10 To be able to rank the results of the original and relaxed queries, we assume that a result T matching query Q j is scored using some score function f. The scoring function can be any ranking function for structured triple-pattern queries over RDF-data. In this paper, we make use of the language-model based ranking function described in [8]. Let the score of each result T with respect to query Q j be f(t,q j ) and let the score of each relaxed query Q j be s j where the score of a relaxed query is computed as described in the previous subsection. In order to merge the results of the original and relaxed queires into a unified result set, we utilize the following scoring function for computing the score of a result T : S(T )=Σ r j=0λ j f(t,q j ) We next describe two techniques to set the values of the different λ s. Adaptive Weighting. In this weighting scheme, we assume that the user is interested in seeing the results in a holistic manner. That is, a match to a lower ranked (relaxed) query can appear before a match to a higher ranked query. For example, consider the query Q 0 =?m hasgenre Action and a relaxation Q j =?m hasgenre Thriller. The assumption now is that the user would rather see a famous movie of genre thriller, rather than an obscure movie of genre action. And so, a mixing of results is allowed. To this end, we set the λ j s as a function of the scores of the relaxed queries s j s as follows: λ j = 1 s j Σ r i=0 (1 s i) Recall that the smaller the s j is, the closer Q j is to the original query Q 0. Also recall that s 0 is equal to 0. This weighting scheme basically gives higher weights to the matches to relaxed queries which are closer to the original query. However, matches for a lower ranked query with sufficiently high scores can be ranked above matches for a higher ranked query. Incremental Weighting. In this weighting scheme, we assume that the user is interested in seeing results in order. That is, all ranked matches of the original query first, followed by all ranked matches of the first relaxed query, then those of the second relaxed query, etc. That is, the results are presented block-wise. In order to do this, we need to set the λ j s by examining the scores of the highest scoring and lowest scoring result to a given query. For example, consider our example query :?m hasgenre Action. Suppose a relaxation to this query is?x hasgenre Thriller. If we want to ensure that all matches of the original query are displayed before the first match of the relaxed query, we first examine the result with the lowest score for the original query and the highest score for the relaxed query. Let these results be T0 low and T high 1, respectively. We now need to ensure that λ 0 f(t0 low,q 0 ) >λ 1 f(t high 1,Q 1 ). Note that both incremental as well as adaptive weighting are only two ways in which we can present results to the user. Additional schemes can include a mixture of both schemes for instance, or any other variations. Our ranking model is general enough and can support any number of such fine-grained result presentation schemes.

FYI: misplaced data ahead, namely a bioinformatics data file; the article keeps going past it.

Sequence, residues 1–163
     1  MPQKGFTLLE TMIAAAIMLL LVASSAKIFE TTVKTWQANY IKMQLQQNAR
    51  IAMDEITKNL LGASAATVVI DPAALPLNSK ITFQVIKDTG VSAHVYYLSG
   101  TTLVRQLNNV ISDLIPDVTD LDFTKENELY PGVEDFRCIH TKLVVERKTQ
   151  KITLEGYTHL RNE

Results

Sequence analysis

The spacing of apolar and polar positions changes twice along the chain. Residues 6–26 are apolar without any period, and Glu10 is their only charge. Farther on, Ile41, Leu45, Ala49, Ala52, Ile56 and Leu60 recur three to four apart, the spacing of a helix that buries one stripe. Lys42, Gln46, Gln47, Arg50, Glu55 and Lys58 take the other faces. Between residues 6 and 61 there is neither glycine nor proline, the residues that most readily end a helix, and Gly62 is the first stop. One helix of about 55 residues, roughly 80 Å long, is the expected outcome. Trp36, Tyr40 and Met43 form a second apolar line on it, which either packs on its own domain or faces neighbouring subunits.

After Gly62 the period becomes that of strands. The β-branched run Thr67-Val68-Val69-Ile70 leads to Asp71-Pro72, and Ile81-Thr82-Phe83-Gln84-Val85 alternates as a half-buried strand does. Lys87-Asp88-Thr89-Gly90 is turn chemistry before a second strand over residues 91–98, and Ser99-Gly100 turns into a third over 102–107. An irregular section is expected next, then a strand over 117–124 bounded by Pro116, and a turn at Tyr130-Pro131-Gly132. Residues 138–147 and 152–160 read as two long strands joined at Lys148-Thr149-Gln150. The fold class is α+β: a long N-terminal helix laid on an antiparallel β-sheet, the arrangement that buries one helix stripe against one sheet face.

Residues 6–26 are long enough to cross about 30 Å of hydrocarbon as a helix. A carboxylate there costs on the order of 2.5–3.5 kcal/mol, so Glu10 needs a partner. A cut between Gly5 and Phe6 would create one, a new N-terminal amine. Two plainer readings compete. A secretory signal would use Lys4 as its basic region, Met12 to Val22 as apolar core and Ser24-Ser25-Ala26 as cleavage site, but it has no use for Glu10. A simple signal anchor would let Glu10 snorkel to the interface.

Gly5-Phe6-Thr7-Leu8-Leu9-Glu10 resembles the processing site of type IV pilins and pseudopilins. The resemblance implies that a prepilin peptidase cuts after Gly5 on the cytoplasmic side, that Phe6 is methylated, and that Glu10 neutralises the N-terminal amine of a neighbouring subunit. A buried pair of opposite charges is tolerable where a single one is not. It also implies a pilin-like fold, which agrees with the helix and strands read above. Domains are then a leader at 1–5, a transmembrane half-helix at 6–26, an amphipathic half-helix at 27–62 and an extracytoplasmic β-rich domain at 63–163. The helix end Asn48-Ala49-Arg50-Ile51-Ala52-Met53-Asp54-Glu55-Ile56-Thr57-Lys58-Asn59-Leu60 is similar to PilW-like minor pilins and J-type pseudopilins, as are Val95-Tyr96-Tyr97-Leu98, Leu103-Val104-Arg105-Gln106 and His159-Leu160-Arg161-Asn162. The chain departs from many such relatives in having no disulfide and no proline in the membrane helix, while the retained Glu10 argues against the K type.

11 4 Experimental Evaluation We evaluated the effectiveness of our relaxation techniques in 2 experiments. The first one evaluated the quality of individual entity and relation relaxations. It also evaluated the quality of the relaxed queries overall. The second experiment evaluated the quality of the final query results obtained from both original and relaxed queries. The complete set of evaluation queries used, relevance assessments collected as well as an online demonstration of our system can be found at elbass/ demo/demo.html. 4.1 Setup All experiments were conducted over two datasets using the Amazon Mechanical Turk service 2. The first dataset was derived from the LibaryThing community, which is an online catalog and forum about books. The second dataset was derived from a subset of the Internet Movie Database (IMDB). The data from both sources was automatically parsed and converted into RDF triples. Overall, the number of unique entities was over 48,000 for LibraryThing and 59,000 for LibraryThing. The number of triples was over 700,000 and 600,000 for LibraryThing and IMDB, respectively. Due to the lack of an RDF query benchmark, we constructed 40 evaluation queries for each dataset and converted them into structured triple-pattern queries. The number of triple patterns in the constructed queries ranged from 1 to 4. Some example queries include: People who both acted as well as directed an Academy Award winning movie (3 triple patterns), Children s book writers who have won the Booker prize (3 triple patterns), etc. 4.2 Quality of Relaxations To evaluate the quality of individual entity and relation relaxations, we extracted all unique entities and relations occurring in all evaluation queries. The total numbers of entities and relations are given in Table 5. For each entity, the top-5 relaxations were retrieved, excluding the variable relaxation. We presented the entity and each relaxation to 6 evaluators and asked them to assess how closely related the two are on a 3-point scale: 2 corresponding to closely related, 1 corresponding to related and 0 corresponding to unrelated. The same was done for each relation. To evaluate the quality of relaxed queries overall, we generated the top-5 relaxed queries for each evaluation query. The relaxed queries were ranked in ascending order of their scores, which were computed as described in Sect We asked 6 evaluators to assess how close a relaxed query is to the original one on a 4-point scale: 3 corresponding to very-close, 2 to close, 1 to not so close and 0 corresponding to unrelated. Table 5 shows the results obtained for entity, relation and query relaxations. For a given entity, the average rating for each relaxation was first computed and then this rating was averaged over the top-5 relaxations for that entity. A similar computation 2